A Growth Strategy for the Pharmaceutical Industry
• The role of the pharmaceutical industry: key to an exit from the crisis
• Investment in clinical research and in the production of pharmaceuticals: a springboard for growth in the Greek economy
• Focus on growth incentives and on enhancing the role of the National Organisation for Medicines (EOF)
Athens, 12 May 2014 – An action plan to unlock the huge potential of the pharmaceutical industry and underscore its role as a key driver of growth in the Greek economy was the outcome of an event organised by SFEE, in the context of the Greek Presidency of the EU and the eHealth Forum 2014, to launch the study “A Growth Strategy for the Pharmaceutical Industry”, prepared by the Foundation of Economic and Industrial Research (FEIR/IOBE). The event was honoured by the presence of Mr Kostis Hatzidakis, Minister of Development and Competitiveness; Mr Adonis Georgiadis, Minister of Health; Nikolaos Vettas, General Director of FEIR/IOBE; Ioannis Papadopoulos, President of the Hellenic Venture Capital Association, CEO of Attica Ventures, Coordinator of Innovation at the Ministry of Development and Competitiveness. On the industry side, participants in the panel discussion that followed, moderated by the journalist Babis Papadimitriou, were Messrs Konstantinos Frouzis, President of SFEE, Vassilios Katsos, President and CEO of Pharmathen, and Erik Nordkamp, Chairman of the Pharma Innovation Forum (PIF), President and Managing Director of Pfizer Hellas.
At a time when an exit of the Greek economy from a 6-year recession is being sought after, the pharmaceutical industry, with innovation at the core of its activity, offers a real way out.
The first speaker, Mr Angelos Tsakanikas, Assistant Professor at the National Technical University of Athens and Research Director of FEIR/IOBE, explained the key points of the study. As he stated, “The pharmaceutical sector in Greece seems to stand out amid a poor National Research and Innovation System, with a stong patenting performance and a significant increase in its R&D activity over the past few decades, opening up the path to innovative treatments. The pharmaceutical industry accounts for 22% of total R&D in Greece and has the potential to do even better, with appropriate policies”.
According to the findings of the study, the pharmaceutical industry makes a major contribution to the country’s key macroecomonic aggregates: its total impact on gross domestic product is estimated at EUR 7.5 billion (i.e. about 3.5% of Greek GDP in 2010). The economic footprint of the production and distribution of pharmaceuticals is important also in terms of employment, with an overall impact of more than 132 thousand jobs. Another noteworthy fact is that the manufacturing of medicinal products is the second best performer among all manufacturing sectors in terms of average annual growth in gross value added for 2000-2010. With investment per employee nine times the corresponding figure for total manufacturing, the industry tops European rankings. Also, the pharmaceutical industry ranks fourth in exports, after refined petroleum products, precious and other non-ferrous metals, and wearing apparel and accessories.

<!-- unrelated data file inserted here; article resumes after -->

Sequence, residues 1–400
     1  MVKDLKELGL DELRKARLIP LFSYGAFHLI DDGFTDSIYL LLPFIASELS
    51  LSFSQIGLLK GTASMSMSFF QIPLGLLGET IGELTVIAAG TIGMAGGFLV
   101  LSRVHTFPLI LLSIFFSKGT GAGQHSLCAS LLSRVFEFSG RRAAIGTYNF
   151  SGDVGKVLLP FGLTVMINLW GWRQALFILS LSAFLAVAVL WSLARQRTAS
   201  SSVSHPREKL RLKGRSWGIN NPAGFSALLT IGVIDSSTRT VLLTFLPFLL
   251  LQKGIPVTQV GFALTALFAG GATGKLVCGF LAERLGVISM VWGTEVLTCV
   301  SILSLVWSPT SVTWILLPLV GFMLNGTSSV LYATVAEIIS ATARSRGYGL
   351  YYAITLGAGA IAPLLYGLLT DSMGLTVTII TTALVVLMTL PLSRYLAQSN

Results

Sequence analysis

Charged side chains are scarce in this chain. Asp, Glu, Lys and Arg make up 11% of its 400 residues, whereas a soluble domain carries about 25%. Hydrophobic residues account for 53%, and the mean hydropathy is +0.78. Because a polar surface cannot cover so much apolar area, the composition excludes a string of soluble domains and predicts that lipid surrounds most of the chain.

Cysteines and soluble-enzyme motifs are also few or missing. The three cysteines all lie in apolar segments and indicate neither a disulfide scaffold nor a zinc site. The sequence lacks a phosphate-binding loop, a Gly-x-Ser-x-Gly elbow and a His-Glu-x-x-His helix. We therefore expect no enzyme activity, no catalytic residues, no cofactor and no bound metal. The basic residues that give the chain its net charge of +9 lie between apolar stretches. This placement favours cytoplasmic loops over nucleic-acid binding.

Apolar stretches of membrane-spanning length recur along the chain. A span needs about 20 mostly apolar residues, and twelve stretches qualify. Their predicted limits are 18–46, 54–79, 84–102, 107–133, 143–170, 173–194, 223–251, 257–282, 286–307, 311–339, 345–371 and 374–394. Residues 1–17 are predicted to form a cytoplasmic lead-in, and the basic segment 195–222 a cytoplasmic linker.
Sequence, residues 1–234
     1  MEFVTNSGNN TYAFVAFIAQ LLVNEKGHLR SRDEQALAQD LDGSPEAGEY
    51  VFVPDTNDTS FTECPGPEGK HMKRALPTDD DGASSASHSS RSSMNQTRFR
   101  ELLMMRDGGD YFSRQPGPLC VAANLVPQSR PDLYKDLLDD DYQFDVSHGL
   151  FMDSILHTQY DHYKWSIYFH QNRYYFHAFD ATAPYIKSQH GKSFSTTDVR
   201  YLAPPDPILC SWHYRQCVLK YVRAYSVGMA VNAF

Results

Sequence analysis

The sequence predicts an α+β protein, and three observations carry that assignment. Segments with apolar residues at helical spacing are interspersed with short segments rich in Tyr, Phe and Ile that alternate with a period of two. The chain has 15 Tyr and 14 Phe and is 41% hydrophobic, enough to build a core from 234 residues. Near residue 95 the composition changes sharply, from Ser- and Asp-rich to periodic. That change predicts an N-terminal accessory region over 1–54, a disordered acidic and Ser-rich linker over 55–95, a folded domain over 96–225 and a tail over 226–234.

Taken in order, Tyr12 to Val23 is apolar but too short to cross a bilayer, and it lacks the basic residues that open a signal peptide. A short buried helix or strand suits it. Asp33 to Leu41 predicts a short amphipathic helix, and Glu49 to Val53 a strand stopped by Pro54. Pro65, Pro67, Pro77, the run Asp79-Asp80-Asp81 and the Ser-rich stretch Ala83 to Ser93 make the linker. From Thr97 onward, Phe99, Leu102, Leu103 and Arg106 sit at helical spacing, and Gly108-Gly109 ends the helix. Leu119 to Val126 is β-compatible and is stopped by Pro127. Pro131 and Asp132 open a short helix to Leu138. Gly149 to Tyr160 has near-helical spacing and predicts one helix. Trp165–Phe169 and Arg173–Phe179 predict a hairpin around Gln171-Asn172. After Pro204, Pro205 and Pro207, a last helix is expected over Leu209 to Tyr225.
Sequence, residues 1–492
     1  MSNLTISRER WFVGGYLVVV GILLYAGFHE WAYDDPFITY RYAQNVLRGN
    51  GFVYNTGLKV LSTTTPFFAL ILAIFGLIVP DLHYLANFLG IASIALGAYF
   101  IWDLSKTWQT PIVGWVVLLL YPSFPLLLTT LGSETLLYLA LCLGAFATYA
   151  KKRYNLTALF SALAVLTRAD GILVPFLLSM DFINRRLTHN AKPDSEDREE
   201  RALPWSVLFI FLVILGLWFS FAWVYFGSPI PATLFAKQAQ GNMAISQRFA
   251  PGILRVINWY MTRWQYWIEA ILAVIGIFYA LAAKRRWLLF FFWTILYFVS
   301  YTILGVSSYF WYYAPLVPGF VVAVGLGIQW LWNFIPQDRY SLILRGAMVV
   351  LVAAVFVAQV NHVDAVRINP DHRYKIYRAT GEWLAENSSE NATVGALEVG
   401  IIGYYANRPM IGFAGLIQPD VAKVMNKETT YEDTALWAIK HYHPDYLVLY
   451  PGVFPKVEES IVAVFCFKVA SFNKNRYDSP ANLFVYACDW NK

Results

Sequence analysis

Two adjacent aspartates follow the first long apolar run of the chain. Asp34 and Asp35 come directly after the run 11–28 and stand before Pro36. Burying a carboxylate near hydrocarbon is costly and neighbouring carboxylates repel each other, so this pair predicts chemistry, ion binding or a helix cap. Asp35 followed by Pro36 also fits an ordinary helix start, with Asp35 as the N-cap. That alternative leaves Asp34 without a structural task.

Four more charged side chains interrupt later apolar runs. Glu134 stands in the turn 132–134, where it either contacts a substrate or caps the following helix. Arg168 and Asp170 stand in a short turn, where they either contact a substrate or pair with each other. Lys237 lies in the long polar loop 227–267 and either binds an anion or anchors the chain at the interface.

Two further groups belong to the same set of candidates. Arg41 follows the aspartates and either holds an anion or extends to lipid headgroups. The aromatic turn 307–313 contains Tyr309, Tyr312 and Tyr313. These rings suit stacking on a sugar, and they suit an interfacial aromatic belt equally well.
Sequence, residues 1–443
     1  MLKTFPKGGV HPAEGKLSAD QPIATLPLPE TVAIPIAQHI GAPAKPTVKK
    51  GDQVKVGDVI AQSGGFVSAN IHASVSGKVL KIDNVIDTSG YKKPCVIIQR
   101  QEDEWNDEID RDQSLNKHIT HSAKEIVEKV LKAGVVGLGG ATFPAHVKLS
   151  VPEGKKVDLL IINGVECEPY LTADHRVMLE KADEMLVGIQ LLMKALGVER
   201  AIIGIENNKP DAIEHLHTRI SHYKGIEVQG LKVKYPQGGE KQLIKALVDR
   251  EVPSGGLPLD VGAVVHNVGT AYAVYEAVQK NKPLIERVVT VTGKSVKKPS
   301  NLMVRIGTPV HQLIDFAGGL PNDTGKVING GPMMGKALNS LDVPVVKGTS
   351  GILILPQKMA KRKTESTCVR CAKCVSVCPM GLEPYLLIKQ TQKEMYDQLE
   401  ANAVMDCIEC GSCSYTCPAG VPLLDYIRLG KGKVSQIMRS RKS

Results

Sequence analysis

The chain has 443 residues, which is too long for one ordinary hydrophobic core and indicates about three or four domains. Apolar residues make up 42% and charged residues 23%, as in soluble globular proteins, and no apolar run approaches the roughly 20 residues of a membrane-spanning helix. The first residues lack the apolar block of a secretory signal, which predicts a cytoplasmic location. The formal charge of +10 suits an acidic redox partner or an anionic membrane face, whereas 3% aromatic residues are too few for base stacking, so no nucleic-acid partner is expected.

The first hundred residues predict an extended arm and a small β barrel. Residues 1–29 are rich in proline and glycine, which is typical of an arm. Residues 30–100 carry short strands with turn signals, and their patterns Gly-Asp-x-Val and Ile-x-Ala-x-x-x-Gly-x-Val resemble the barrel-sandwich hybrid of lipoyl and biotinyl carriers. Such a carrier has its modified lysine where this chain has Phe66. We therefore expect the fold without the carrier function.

The design and implementation of a medium-term (2014-2021) Strategic Action Plan, which according to the study is based on two main pillars: (i) Research, Development and Innovation and (ii) Production and Exports, will enable the Greek pharmaceutical industry to become a key driving force for the qualitative restructuring of the Greek economy.
Introducing the FEIR/IOBE study, the President of SFEE, Mr Konstantinos Frouzis, emphasised the self-evident growth potential of the industry. “The pharmaceutical industry has a vision and makes an increasing contribution to the Greek economy. Even during the recession, its impact on important aspects of the economy, such as the trade balance, foreign capital inflows, public debt reduction etc., has been unmistakeably established, along with its effort to grow, unfortunately in an environment full of obstacles to the adoption of innovation”.
Mr Frouzis set out the main objectives of the new strategy proposed for the pharmaceutical industry, specifically referring to the following:
• Increasing R&D expenditure above 10% of pharmaceutical companies’ turnover,
• Making Greece a hub for clinical research,
• Increasing the numbers of medicinal patent applications and granted patents,
• Ensuring immediate access of patients to innovative treatments,
• Doubling investment in production plants in Greece,
• Improving the competitiveness of domestically produced pharmaceuticals – increasing exports by 50%,
• Linking academic/research centres with the industry,
• Doubling employment in the pharmaceutical industry.
The Government should provide additional growth incentives to encourage and promote innovative investment, which will help to create jobs, improve the country’s competitive position and export performance and attract private capital inflows that will bolster domestic industry. Among such incentives, Mr Frouzis noted the need for a new and stable tax regime including a favourable tax treatment of intangible investment, tax deductions for innovation, revision of the tax break framework for R&D and technological innovation, application of a lower corporate tax rate to profits earned from patented inventions and other innovations, exemption of royalties from withholding tax and the possibility of exemption from social security contributions as an incentive for hiring young scientists.